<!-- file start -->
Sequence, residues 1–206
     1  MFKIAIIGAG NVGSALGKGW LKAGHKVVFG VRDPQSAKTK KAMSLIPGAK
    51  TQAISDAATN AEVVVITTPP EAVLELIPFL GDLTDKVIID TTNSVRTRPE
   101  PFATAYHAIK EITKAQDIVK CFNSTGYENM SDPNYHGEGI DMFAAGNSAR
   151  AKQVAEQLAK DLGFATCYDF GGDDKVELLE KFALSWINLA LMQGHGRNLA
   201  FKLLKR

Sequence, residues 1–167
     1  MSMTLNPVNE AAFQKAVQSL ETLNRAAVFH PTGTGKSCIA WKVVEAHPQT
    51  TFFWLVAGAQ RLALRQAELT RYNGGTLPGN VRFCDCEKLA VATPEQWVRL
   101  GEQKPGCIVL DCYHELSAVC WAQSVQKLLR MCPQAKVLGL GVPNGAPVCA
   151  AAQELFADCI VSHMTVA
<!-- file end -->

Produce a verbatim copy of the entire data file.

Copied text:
Sequence, residues 1–206
     1  MFKIAIIGAG NVGSALGKGW LKAGHKVVFG VRDPQSAKTK KAMSLIPGAK
    51  TQAISDAATN AEVVVITTPP EAVLELIPFL GDLTDKVIID TTNSVRTRPE
   101  PFATAYHAIK EITKAQDIVK CFNSTGYENM SDPNYHGEGI DMFAAGNSAR
   151  AKQVAEQLAK DLGFATCYDF GGDDKVELLE KFALSWINLA LMQGHGRNLA
   201  FKLLKR

Sequence, residues 1–167
     1  MSMTLNPVNE AAFQKAVQSL ETLNRAAVFH PTGTGKSCIA WKVVEAHPQT
    51  TFFWLVAGAQ RLALRQAELT RYNGGTLPGN VRFCDCEKLA VATPEQWVRL
   101  GEQKPGCIVL DCYHELSAVC WAQSVQKLLR MCPQAKVLGL GVPNGAPVCA
   151  AAQELFADCI VSHMTVA